Wednesday, 6 December 2006

The South West Trains Book Club!

Following on from my Harry Potter blog entry, it has started me thinking about what makes a good commuter book and a bad commuter book.

I think that travelling on the train to work daily and relying on reading a good quality book to get me through the journey has actually modified my reading habits in a couple of ways. has transformed me into more of a prolific reader. I now read about 2 or 3 books a month rather than 1 book every 2 or 3 months.

2. it has made me impatient with books that don’t grab my attention easily in a train journey. With things going on around me such as tannoy announcements, people sitting down next to me, listening reluctantly to people’s conversations, ticket conductors etc, it makes it harder to concentrate on the literary prowess of the book in hand

Point 1 is undoubtedly a positive thing that has come from my train commute.
Point 2 on the other hand, is not. I now necessitate a book that will grip me and is relatively undemanding to read.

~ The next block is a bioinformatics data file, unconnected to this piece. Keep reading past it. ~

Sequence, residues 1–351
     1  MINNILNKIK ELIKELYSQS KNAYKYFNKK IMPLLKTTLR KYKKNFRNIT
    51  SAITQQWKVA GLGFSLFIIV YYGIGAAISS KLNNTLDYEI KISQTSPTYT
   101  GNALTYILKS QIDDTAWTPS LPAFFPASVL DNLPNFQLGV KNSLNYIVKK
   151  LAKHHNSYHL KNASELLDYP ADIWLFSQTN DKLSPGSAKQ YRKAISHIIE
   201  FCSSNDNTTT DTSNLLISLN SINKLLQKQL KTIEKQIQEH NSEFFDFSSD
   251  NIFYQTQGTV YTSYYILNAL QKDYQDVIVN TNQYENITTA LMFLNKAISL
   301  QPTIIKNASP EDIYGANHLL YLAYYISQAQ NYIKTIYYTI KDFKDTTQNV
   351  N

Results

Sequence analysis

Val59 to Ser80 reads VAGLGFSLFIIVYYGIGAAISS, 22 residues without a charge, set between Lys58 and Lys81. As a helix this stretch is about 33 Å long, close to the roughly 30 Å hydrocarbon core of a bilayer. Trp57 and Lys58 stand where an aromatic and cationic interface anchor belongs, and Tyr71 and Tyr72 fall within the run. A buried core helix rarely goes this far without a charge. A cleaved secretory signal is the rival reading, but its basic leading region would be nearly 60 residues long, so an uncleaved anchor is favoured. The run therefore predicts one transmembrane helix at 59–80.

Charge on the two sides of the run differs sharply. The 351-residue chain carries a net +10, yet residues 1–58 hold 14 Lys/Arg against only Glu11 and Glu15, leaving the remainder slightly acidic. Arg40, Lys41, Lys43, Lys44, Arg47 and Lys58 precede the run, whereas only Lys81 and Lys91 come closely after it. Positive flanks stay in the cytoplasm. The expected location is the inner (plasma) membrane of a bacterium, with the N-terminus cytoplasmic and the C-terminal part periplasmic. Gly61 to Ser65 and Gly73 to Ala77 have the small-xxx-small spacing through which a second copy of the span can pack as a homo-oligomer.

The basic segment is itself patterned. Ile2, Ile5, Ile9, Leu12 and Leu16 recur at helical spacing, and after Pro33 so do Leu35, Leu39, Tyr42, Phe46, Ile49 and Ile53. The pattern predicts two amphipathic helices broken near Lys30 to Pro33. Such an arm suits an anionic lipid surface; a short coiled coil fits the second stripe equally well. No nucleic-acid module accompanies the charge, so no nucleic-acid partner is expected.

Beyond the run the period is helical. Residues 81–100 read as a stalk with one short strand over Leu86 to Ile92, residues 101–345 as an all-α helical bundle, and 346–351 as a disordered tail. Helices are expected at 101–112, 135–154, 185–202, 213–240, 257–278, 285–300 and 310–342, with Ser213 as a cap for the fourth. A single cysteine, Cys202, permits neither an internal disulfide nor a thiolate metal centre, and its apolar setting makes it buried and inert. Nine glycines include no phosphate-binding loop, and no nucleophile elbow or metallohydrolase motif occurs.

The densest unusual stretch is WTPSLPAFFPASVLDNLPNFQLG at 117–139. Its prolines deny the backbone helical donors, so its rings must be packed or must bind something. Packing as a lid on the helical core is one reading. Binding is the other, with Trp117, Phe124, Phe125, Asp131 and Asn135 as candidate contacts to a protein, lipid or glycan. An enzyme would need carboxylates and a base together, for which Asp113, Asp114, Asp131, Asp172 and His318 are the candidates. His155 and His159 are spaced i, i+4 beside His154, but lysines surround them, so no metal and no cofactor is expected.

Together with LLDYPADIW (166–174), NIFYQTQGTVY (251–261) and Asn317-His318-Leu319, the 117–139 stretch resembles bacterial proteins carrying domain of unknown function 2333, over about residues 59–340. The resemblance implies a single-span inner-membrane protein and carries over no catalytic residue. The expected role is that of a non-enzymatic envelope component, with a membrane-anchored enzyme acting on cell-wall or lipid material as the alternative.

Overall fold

So, no classics, no booker prize novels, no orange prize for fiction novels. I now need to veer more towards the Richard and Judy Book Club. Sometimes there is a cross-over between the two. But more often than not, there isn’t.

I don’t mind this. In fact, I rather enjoy the novels recommended to me by this celebrity-married couple. But it makes me alert to how the train has made me intolerant to a book that requires a morsel of thought. A bit of concentration.

I am currently reading Harry Potter (see below). I have recently read the following:

The Dice Man: Luke Rhinehart (not one for the train, a little sluggish in parts)
Perfect Match: Jodi Picoult (average. effortless for the train though)
Saturday: Ian McEwan (easy to read and somewhat engaging. Perhaps it is because this is a short book)
Jules et Jim: Henri Pierre Roche (a bit of a haphazard choice actually. Not one for the train. Perhaps more for French film buffs!)
A Sparrow Falls: Wilbur Smith (recommended by the BF. Perfect for the train. Easy to read, good hearty family saga type thing.)
The Glass Palace: Amitav Ghosh (another good read, although copious Indian/Malasian names make it hard to follow in parts)

Next on my list once I have finished Harry Potter is to be Daphne Du Marier’s ‘Rebecca’. Something tells me this will not be a particularly good ‘train read’, but I really want to read it all the same!

If anyone has any good suggestions for good commuting books, I would love to hear them.


Anonymous said...

You didn't mention "My First Crayons Book"

Girl on A Train said...


But then I'd have to find room in my bag for some crayons too, and that really would not do.